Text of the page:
Corporations can protect themselves from inflation by putting prices up and generating earnings growth. This theory may have been accurate in past inflationary periods, we don’t believe it is right now. Why?

  • Double whammy – lower earnings and lower multiple 
    For the first time in well over a decade, we may start to see some wage inflation across the board. While wages growth in isolation is not a bad thing, we feel that it will likely put the current record corporate margins under pressure and result in downgrades to earnings.

    While some industries will just pass onto the end consumer, more competitive industries may have to wear some of the higher costs. Then there is the multiple.

    The ASX 200 All Industrials (ex-banks) FY22 P/E multiple is 28x. We feel that as interest rates increase it is inevitable that the P/E multiple will come under pressure.

    This will more than likely have a disproportionate impact on the outliers at the top P/E range 40x and above as long duration stocks (and bonds) tend to get sold off more in a rising interest rate environment.

  • 40 years of deflationary pressures and decreasing interest rates 
    What has worked for the last 40 years may not work for your portfolio going forward. One needs to think laterally about which companies and industries have got a free kick from these dis-inflationary pressures.

    Almost no money managers have run money through a sustained high inflationary environment, so we are going to have to think on our feet.

    The problem is that most indexes are heavily weighted to companies which have been massive beneficiaries of the macro environment over the last 40 years. Therefore, as a whole, the index may not provide the inflation hedge people think it may offer.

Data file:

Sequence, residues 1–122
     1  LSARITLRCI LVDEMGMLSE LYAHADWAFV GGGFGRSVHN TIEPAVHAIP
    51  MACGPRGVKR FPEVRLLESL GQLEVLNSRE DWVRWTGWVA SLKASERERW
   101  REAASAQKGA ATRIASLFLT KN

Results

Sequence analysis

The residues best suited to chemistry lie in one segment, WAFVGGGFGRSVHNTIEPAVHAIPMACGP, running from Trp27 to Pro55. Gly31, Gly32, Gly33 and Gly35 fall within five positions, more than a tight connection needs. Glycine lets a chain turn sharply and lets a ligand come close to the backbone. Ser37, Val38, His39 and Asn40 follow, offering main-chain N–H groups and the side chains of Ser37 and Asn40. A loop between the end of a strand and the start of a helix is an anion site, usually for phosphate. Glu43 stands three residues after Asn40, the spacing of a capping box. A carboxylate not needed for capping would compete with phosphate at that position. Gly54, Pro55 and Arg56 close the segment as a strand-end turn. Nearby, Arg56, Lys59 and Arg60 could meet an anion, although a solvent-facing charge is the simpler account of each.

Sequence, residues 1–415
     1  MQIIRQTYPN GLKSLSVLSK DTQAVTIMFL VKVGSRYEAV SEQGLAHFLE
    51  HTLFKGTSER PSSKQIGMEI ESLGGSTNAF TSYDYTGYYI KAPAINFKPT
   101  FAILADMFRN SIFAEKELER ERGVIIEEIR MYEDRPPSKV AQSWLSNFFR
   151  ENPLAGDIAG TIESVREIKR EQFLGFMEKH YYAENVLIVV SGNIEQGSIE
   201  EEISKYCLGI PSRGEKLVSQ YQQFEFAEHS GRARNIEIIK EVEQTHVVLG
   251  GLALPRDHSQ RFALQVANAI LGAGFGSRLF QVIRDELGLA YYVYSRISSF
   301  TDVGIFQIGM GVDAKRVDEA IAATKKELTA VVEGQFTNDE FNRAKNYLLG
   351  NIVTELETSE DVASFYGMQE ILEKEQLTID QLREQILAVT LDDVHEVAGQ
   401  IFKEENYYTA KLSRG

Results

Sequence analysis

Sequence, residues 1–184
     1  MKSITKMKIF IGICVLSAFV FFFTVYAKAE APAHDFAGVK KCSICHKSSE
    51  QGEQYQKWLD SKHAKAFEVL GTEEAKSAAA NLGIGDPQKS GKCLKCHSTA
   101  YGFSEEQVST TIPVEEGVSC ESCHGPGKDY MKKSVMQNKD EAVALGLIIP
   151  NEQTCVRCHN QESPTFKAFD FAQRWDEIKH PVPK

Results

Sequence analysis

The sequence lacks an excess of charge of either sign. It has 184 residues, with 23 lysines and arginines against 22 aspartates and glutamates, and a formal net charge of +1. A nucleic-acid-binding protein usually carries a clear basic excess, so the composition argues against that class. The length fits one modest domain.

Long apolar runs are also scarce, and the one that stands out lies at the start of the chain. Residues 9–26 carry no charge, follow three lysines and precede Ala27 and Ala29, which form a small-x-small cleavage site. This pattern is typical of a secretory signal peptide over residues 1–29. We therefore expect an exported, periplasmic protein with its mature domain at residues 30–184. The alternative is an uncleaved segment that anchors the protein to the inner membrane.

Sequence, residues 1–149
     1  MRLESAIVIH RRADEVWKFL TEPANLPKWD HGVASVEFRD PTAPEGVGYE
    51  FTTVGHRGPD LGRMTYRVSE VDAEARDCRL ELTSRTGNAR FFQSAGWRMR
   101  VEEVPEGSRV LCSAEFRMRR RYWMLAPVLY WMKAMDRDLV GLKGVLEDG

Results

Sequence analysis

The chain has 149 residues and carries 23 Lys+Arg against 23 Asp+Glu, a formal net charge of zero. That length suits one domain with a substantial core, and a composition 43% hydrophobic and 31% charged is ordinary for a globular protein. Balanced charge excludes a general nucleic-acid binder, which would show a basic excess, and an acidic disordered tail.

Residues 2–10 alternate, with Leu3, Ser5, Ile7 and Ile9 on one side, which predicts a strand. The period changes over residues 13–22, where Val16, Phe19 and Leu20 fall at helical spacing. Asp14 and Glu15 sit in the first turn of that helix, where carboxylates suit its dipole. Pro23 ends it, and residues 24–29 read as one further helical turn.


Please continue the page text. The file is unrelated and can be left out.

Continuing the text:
• Passive investing 
    Passive investing has exacerbated this. Passive money buys whatever is in the index irrespective of its valuation.

    As a result as a company gets bigger and becomes a bigger part of the index, passive money will buy more of that company, irrespective of valuation and vice versa.

    Given the trillions of dollars which has transitioned from active to passive investment over the last decade, this has resulted in a tsunami of money buying companies just because they have gone up and selling companies just because their share prices are lower.

    As a result, companies which have had macro headwinds due to disinflation and lowering interest rates have become a smaller and smaller part of the equity indexes, irrespective of their valuation.

    The point here is that most indices are market-cap weighted and hence will have a disproportionate weighting towards those companies which have been beneficiaries of deflation.

    Therefore, passive investing will provide no protection in an inflationary environment. Having said that, we believe that certain select companies and industries will be good investments.

Just buying value may not work this time

Back in November 2020 when the announcement of higher-than-expected vaccine efficacy was announced, there was a massive rotation away from what the market deemed growth stocks to value stocks.

At the time, a lot of cyclical companies were trading at deep discounts to mid cycle earnings and hence, as the reflation narrative took hold, they performed very strongly.

This time around is a little different. With indexes up between 30-50%, not a lot is dirt cheap. Rather than reflation from a deflationary shock, we are potentially entering a cost push inflationary environment.

For us, we don’t think one factor is going to work. Some “value” stocks will become value traps as these companies are unable to pass on their higher costs and hence their margins get crunched.

While some of the quality companies will have pricing power to be able to grow their earnings in real terms may also fall as long duration stocks de-rate as interest rates increase. We do not believe that this is going to be as simple as investing in what are perceived as value stocks.

Stock picking and bottom-up analysis

There are going to be winners and losers in every industry in an inflationary environment, though forecasting which companies are going to be the winners is not straightforward.

Some companies with broad-based cost increases will not be able to pass these inflated costs onto their customers. We need to be very careful of investing in these businesses.